“No educator is able to join Greta Thunberg as she continues her bold Atlantic crossing, but all of us can follow her lead,” they write, referencing the 16-year-old’s recent trip to the United States via an emissions-free vessel. “We risk losing credibility with an entire generation of students if we cannot take action in support of the defining cause of their generation.”

The professors note that “some educators—and their bosses—might object to striking,” and outline a few reasons why that may be the case. However, they argue, “to strike in the name of climate justice is a resounding endorsement of learning: it turns out the world’s youth have been listening to their teachers all along. They understand the science of climate disruption; they take in the lessons of history; they grapple with the complexity of market forces and the true costs of polluting. In their humanities and social science courses, they hear the voices of those at the margins and then honor their dignity and humanity through the arts.”

Pointing to record-smashing heatrapidly melting glaciers, and the legacies of colonialism and global inequality that harm people of color and other marginalized communities worldwide, they write that “it’s also undeniable that our students—all of us—have much more to learn about climate disruption and injustice.”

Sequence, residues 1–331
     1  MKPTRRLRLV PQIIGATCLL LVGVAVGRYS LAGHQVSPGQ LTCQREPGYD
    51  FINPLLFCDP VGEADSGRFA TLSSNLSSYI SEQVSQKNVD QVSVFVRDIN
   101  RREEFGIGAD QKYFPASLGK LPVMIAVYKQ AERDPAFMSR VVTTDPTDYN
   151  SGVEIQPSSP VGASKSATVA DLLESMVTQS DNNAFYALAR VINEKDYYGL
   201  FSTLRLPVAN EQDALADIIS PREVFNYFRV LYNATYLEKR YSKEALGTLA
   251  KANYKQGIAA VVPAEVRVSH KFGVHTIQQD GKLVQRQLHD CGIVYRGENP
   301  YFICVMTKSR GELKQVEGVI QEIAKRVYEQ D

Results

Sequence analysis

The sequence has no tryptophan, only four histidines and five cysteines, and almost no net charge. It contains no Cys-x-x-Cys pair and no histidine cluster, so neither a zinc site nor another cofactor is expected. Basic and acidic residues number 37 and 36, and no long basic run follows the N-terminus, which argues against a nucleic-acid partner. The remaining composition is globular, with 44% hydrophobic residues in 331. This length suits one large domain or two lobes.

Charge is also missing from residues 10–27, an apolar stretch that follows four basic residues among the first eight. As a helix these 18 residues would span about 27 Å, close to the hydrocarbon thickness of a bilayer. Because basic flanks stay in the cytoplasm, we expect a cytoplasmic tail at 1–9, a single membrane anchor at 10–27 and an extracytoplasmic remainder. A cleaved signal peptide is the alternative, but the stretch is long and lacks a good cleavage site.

“That’s why, above all, we educators need to help strengthen the climate movement, and the start of this school year is an important moment,” Isham and Smithey continue. “The eyes of the world are on young people, who are demonstrating the kind of vision and determination that has not yet taken hold in halls of power the world over.”

Bill McKibben, co-founder 350.org and a vocal supporter of the global strike planned for next month, shared the op-ed on Twitter Friday—writing that it is “so deeply good to see teachers mobilizing to join their students in the Sept. 20 climate strikes!”

Along with their op-ed, Isham and Smithey joined seven other professors in issuing an open letter that declares, “don’t teach, strike!” The letter calls on educators to cancel classes and contribute to local actions on Sept. 20 because “unsustainable development, powered by the fossil-fuel economy, is disrupting our global climate.”

“Let us use the power of collective action to help raise the political will necessary to tackle humanity’s greatest challenge; to learn from and inspire one another, and to support our students and all people as they use their learning to create a sustainable future for all,” the letter reads. “Above all, let us find ways to focus our collective determination on the global threat that defines this time.”

As of Friday morning, an additional 175 educators who teach at various institutions, from primary schools to prestigious universities, had signed on to the open letter.

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Over 1,351 Climate Strikes in 110 Countries Planned for Friday as Global Revolt Escalates